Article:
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2.3: Fundamental Assumption

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    Define microstate and macrostate.

    There are many microstates corresponding to any given macrostate. The collection of all such microstates is called an “ensemble”. (Just as a musical ensemble is a collection of performers.)

    Note: An ensemble is a (conceptual) collection of macroscopic systems. It is not the collection of atoms that makes up a macroscopic system.

    (Terminology: A microstate is also called a “configuration” or a “complexion”. . . both poor terms. A macrostate is also called a “thermodynamic state”. A “corresponding” microstate is sometimes called an “accessible” or a “consistent” microstate.)

    A system is said to be “isolated” if no energy goes in or out, and if the mechanical parameters (\(N\), \(V\), etc.) are also fixed. Most of the systems you deal with in classical mechanics classes, for example, are isolated.

    The fundamental assumption of statistical mechanics is:

    An isolated system in an equilibrium macrostate has equal probability of being in any of the microstates corresponding to that macrostate.

    Conceptual difficulties:

    1. What is equilibrium?
    2. What is probability? (Any experiment is done on one system.)
    3. May be false! (Can be motivated by the ergodic hypothesis, but this is just suggestive, and the ergodic hypothesis itself has not been proven and may be false. Cellular automata may violate this assumption. . . but do physical/biological systems? See for example Andrew I. Adamatzky, Identification of Cellular Automata (Taylor and Francis, 1995) and the essay review by Normand Mousseau, in Contemporary Physics, 37 (1996) 321–323; Stephen Wolfram, A New Kind of Science (Wolfram Media, 2002).)

    Practical difficulties.

    1. Gives way to find average values of microscopic quantities, such as

    \( \langle \text{kinetic energy} \rangle,~ \langle \text{potential energy} \rangle, ~ \langle \text{height} \rangle,\)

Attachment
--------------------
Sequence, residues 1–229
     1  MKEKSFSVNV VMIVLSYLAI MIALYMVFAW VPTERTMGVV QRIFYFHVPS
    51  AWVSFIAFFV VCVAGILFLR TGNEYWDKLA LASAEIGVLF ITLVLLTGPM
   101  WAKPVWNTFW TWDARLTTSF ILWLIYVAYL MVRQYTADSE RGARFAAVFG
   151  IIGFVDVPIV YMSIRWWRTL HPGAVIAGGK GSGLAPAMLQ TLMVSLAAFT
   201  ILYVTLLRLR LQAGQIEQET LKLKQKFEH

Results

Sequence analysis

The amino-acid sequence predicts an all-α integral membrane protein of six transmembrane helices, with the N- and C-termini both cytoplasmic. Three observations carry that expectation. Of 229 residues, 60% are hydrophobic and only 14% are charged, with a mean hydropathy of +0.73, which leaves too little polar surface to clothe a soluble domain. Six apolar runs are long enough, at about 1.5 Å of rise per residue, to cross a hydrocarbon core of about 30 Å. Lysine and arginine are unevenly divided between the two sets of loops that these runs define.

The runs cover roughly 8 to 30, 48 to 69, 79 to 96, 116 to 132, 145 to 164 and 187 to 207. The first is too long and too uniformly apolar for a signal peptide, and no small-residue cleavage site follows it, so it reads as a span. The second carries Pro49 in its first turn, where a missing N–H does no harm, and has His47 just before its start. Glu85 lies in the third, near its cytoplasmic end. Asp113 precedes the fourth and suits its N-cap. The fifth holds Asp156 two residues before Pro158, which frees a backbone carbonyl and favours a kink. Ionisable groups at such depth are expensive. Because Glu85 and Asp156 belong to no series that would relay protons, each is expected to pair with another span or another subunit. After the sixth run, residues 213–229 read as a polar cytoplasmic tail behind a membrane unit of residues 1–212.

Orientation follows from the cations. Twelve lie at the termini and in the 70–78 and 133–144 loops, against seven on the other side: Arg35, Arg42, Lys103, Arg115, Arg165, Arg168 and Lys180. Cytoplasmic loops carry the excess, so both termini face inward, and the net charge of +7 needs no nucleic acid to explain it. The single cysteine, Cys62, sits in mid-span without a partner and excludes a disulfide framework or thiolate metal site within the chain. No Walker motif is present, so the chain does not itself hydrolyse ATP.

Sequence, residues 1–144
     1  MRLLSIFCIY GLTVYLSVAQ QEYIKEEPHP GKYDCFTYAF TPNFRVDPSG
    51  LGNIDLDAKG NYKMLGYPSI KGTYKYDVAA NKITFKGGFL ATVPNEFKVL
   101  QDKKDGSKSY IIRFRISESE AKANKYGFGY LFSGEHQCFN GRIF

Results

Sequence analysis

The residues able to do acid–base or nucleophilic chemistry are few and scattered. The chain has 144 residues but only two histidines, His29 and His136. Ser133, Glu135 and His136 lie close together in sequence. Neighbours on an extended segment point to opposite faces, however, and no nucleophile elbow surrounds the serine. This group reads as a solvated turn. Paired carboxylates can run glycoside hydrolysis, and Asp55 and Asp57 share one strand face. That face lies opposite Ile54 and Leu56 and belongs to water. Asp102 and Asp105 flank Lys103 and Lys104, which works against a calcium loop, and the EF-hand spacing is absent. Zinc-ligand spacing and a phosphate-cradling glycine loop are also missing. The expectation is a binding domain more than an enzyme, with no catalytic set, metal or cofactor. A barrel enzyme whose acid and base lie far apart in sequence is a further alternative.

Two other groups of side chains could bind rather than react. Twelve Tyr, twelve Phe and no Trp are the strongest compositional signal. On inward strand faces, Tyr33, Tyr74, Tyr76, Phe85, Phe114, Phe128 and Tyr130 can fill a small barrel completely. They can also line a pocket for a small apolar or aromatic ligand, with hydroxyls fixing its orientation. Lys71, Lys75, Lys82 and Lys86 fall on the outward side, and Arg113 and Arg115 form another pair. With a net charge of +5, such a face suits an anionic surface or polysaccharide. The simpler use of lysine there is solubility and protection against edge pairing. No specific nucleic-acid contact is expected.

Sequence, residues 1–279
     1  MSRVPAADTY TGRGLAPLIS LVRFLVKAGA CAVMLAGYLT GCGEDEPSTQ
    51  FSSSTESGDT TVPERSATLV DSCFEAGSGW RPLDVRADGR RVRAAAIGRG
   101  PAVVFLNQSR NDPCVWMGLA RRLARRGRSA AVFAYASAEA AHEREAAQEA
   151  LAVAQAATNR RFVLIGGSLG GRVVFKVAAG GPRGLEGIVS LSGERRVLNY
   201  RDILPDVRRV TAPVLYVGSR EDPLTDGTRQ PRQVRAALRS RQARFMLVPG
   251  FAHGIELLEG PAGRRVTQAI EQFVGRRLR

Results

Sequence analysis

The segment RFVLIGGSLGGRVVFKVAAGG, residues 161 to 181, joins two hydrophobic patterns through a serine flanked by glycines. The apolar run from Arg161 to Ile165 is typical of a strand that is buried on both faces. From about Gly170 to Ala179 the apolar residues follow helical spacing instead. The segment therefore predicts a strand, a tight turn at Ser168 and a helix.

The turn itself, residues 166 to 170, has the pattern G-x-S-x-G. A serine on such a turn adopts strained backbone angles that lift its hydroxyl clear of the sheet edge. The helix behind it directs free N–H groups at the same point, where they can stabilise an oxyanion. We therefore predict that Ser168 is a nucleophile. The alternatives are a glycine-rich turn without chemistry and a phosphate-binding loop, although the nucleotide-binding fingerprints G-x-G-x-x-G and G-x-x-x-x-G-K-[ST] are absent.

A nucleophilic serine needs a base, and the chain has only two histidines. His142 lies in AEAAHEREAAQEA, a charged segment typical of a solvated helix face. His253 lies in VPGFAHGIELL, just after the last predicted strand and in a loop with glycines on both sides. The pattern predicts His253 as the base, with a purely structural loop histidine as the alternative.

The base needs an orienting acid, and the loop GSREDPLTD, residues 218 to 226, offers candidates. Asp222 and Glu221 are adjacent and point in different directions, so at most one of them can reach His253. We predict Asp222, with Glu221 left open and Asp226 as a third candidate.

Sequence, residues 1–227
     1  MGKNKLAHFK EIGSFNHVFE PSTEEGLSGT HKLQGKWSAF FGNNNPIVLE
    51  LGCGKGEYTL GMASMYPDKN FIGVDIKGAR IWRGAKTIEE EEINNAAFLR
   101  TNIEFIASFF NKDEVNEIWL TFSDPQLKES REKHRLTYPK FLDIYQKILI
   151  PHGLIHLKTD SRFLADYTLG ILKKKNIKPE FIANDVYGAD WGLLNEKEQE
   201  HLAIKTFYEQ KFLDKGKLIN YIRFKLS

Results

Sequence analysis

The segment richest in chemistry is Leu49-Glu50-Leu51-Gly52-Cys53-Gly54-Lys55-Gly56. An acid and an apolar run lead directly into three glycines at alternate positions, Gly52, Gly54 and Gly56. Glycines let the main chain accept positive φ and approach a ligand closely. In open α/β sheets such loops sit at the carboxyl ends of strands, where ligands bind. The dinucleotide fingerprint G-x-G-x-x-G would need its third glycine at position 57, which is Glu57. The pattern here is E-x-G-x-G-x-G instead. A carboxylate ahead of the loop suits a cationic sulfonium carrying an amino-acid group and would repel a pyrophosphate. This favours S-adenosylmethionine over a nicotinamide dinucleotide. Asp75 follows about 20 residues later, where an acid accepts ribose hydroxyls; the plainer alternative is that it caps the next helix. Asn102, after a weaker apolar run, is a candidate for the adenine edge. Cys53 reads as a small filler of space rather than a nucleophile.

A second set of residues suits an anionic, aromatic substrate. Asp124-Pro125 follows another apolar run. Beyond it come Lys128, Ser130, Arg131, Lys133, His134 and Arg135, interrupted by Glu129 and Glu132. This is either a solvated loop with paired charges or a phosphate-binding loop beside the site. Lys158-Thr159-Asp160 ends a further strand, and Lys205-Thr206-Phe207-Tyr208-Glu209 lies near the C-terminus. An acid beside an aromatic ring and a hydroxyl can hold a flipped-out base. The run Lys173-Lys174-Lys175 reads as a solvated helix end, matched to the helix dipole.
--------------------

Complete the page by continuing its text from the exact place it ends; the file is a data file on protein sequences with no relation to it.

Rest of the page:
but not things like temperature and pressure.

    2. Based on model. (In particular, infinitely hard smooth walls.)

    3. For point particle model, requires infinitely thin sheet in phase space. Work instead with the volume of phase space corresponding to energies from \(E\) to \(E + \Delta E\), and at the end of the calculation take the limit \(∆E \to 0\).

    To examine these practical difficulties in more detail, consider again the helium-in-a-smooth-box model. Suppose we want to find the number of microstates with energy ranging from \(E\) to \(E + \Delta E\), in a system with \(N\) identical particles in a box of volume \(V\).

    Your first answer might be that there are an infinite number of points in phase space satisfying this criterion. This is true but it misses the point: A thimble and a Mack truck both contain an infinite number of points, but the Mack truck carries more because it has more volume. Clearly the microstate count we desire is some sort of measure of phase-space volume. I’ll call the region of phase space with energy ranging from \(E\) to \(E + \Delta E\) by the name \(\sigma (E, ∆E)\), and call its volume

    \[\int_{\sigma(E, \Delta E)} d \Gamma . \quad(\text { Volume in phase space. })\]

    However, this volume isn’t precisely what we want. Permutation argument for N identical particles. (For a system with N identical particles, there are N! points in phase space corresponding to the same microstate.) A better measure of the microstate count is thus

    \[\frac{1}{N !} \int_{\sigma(E, \Delta E)} d \Gamma . \quad \text { (Delabeled volume in phase space.) }\]

    There remains one more problem. We desire a count, which is dimensionless, and the above expression gives a phase-space volume, which has the dimensions of

    \[(\text{angular momentum})^{3N}.\nonumber\]

    The solution to this problem is straightforward if clunky. Pick a quantity with the dimensions of angular momentum. Any quantity will do, so make an arbitrary choice. Call the quantity \(h_0\). (Clearly, by the time we produce a measurable physical result at the end of a calculation, it had better be independent of our choice of \(h_0\), just as the value of any measurable result in a classical mechanics problem has to be independent of choice of the potential energy zero.) Then define the microstate count as the dimensionless quantity

    \[\Omega(E, \Delta E, V, N)=\frac{1}{h_{0}^{3 N}} \frac{1}{N !} \int_{\sigma(E, \Delta E)} d \Gamma . \quad \text { (Dimensionless, delabeled volume in phase space. } )\label{2.6}\]

    In poker, there are 52 cards in a deck, so the probability of drawing any given card from a shuffled deck is 1/52. The number 52 plays a fundamental role in answering any question concerning probability in poker.

    In statistical mechanics, there are \(\Omega\) microstates corresponding to a macrostate, so the probability of encountering any given microstate is (if the fundamental assumption is correct) \(1/\Omega\). The number \(\Omega\) plays the same fundamental role in statistical mechanics that 52 does in poker.

    2.7 Microstate count for a mixture

    What expression corresponds to \ref{2.6} for a collection of \(N_{He}\) Helium atoms and \(N_{Ar}\) Argon atoms?

    This page titled 2.3: Fundamental Assumption is shared under a CC BY-SA license and was authored, remixed, and/or curated by Daniel F. Styer.

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